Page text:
Favreau talks about how he found her and how much he wanted her specifically for the role of Cara Dune. Pascal even mentions that when he was first brought in that he saw concept images of Cara and instantly recognized Carano, possibly even before she was actually cast in the role. It seems Carano was always meant to play this character, and I’m glad she did. While she was not cast for her acting chops per se, her unique skillset that had been forged by a history in martial arts makes her perfect for the role. Favreau mentions that a lot of actors in the early days of Hollywood came from a similar mold.
The early cowboys on film were actually guys who knew how to rope, ride, and shoot. Martial artists over the years have also become movie stars, not for their ability to move people with their words, but because of their physicality. The physical nature of Cara Dune is a large part of who she is, and Carano is fantastic for her.
Director Bryce Dallas Howard spoke to her performance as well, highlighting how much easier it was for her to sell the action sequences and fighting scenes having actually taken and given punches in real life. It’s evident when someone really knows what they’re doing. So in essence, Carano was a two-in-one get for the producers. She needs no stunt double (not to say they never used one) as she is capable of doing just about anything they threw at her. When you see Cara punching someone out, it’s Carano. When you see Cara dragging a wounded Mando off the street, that’s actually her making it look so easy.
Lastly, lets talk about the veteran actor in the room, Carl Weathers, who needs no introduction. Favreau and Filoni reveal that Carl was originally brought in to play Karga as an alien in prosthetics. But when they actually sat down across from him, they came to the decision that they didn’t want to hide his face under anything. So, the character of Greef Karga became a human in his final iteration.
They also go on to say that the character was only meant to be in the first episode, only to later return in episode three to be killed off by the titular hero. And that was supposed to be it for Karga, but one thing led to another and Weathers’ character became a little bit more important as things developed.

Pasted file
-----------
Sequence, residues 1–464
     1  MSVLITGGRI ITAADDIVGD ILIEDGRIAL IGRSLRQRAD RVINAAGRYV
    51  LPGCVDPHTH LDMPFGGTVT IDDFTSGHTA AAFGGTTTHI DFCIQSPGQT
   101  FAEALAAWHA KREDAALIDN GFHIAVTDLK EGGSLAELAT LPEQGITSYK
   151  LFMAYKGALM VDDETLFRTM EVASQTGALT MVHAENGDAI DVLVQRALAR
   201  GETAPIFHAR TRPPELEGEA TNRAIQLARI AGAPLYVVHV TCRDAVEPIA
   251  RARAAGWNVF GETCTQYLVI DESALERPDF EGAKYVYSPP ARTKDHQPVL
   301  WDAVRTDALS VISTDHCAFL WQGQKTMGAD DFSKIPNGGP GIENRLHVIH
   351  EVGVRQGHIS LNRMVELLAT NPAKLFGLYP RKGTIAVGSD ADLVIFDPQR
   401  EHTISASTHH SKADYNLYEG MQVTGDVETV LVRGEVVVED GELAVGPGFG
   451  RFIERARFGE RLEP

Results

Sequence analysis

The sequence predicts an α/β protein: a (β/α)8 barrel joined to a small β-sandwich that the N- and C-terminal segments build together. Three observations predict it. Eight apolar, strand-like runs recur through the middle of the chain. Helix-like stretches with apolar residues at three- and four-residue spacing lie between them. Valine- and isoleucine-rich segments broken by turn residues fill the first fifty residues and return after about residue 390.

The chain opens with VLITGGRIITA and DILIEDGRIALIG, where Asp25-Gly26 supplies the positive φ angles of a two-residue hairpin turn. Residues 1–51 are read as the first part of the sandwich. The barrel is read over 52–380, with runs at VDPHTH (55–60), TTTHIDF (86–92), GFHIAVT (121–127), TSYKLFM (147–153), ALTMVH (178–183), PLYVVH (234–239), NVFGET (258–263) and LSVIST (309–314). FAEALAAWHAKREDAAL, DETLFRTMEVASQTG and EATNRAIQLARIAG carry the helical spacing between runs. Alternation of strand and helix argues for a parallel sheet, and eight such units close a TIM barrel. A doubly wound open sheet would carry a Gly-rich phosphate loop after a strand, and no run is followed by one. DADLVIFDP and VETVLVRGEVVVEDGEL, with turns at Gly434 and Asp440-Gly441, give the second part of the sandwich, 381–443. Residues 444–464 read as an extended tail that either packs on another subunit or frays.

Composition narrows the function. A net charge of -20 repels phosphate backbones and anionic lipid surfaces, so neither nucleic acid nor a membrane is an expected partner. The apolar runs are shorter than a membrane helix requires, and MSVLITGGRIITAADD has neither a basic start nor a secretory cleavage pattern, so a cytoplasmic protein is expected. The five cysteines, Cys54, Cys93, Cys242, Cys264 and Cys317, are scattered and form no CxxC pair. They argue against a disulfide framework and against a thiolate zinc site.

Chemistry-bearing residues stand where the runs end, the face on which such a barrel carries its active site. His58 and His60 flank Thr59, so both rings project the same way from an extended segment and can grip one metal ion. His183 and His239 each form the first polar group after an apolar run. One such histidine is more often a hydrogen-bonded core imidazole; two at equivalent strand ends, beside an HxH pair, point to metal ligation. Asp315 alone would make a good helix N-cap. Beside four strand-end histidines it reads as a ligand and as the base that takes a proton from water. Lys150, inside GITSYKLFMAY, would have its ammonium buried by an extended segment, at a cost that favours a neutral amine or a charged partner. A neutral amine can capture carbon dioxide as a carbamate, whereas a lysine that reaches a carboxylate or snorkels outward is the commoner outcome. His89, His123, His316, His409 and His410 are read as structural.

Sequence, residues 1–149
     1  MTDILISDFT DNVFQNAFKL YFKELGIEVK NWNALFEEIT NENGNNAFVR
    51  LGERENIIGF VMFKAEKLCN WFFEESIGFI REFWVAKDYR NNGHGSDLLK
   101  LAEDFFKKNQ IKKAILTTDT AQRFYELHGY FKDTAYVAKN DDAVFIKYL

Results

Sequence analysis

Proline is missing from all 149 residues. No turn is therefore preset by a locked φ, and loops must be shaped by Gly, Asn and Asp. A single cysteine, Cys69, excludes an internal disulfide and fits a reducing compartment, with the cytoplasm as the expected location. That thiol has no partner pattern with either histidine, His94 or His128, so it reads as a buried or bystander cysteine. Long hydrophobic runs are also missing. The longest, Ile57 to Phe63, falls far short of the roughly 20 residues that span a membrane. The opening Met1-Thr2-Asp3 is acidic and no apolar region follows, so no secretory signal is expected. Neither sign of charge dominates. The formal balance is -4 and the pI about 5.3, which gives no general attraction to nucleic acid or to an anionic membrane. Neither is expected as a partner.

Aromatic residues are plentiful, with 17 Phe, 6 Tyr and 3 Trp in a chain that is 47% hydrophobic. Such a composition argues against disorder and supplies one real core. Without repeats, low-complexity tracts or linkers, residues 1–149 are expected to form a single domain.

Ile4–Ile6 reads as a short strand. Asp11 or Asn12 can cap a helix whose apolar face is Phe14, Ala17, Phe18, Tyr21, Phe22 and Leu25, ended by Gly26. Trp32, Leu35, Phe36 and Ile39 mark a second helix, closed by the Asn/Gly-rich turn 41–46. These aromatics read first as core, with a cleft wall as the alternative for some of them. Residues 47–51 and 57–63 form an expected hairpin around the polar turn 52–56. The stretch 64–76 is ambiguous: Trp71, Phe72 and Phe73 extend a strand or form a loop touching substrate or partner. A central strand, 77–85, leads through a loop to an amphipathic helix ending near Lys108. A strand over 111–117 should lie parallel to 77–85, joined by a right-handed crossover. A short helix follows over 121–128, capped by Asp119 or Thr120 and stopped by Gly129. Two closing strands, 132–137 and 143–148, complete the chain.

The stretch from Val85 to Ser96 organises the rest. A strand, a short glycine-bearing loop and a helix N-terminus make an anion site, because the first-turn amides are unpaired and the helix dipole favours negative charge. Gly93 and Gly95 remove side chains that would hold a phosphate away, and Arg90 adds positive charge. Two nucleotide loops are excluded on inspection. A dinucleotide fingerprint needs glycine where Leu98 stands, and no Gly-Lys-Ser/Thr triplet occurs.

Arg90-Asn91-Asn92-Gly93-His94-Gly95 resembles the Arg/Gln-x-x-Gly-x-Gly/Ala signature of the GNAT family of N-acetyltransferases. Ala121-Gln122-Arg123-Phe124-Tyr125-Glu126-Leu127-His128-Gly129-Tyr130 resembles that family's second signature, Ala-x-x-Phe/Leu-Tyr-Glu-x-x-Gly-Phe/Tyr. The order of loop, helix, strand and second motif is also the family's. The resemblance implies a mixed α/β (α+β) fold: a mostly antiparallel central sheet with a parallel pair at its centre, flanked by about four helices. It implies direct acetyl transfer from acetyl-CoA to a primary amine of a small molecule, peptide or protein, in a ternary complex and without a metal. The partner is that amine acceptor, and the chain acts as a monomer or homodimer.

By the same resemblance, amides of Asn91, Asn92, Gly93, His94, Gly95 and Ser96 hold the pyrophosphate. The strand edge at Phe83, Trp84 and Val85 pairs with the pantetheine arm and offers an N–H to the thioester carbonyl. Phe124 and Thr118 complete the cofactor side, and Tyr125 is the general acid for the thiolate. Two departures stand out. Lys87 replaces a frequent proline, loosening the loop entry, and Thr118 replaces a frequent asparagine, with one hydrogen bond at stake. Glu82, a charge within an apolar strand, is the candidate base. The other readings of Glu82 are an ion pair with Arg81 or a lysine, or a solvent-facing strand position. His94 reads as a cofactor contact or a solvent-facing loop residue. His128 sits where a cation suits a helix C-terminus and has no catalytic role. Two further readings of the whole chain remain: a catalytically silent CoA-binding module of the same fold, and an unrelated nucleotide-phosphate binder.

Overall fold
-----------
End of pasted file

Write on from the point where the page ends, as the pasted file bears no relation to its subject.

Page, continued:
Carano talks about how helpful Weathers was to her as an actor and how much she looked up to him. He brought a certain gravitas to the set when he was around that really helped put her at ease and the two seem like they’ve become good friends in their time together.
If you’re remotely interested in this show, you’ve probably already seen The Mandalorian, which means you’ve most likely subscribed to Disney + already, so there’s really no reason for you to not check this out. I enjoyed the half hour I got to spend with the cast in this episode, and I can’t wait to see what behind-the-scenes glimpses we’ll get next week.
It would have been great to hear from some of the other cast members as well, like Giancarlo Esposito, Nick Nolte and Werner Herzog, but maybe we’ll hear more from them in future episodes. I feel like there were some missed opportunities this week, but I guess in the end they only had so much time and so much room at the table.
Disney Gallery: The Mandalorian episode three, “Cast”, is available to stream now on Disney +.
Jordan Pate is Co-Lead Editor and Senior Writer for Star Wars News Net, of which he is also a member of the book and comic review team. He loves all things Star Wars, but when he’s not spending time in the galaxy far far away, he might be found in our own galaxy hanging out in Gotham City or at 1407 Graymalkin Lane, Salem Center, NY.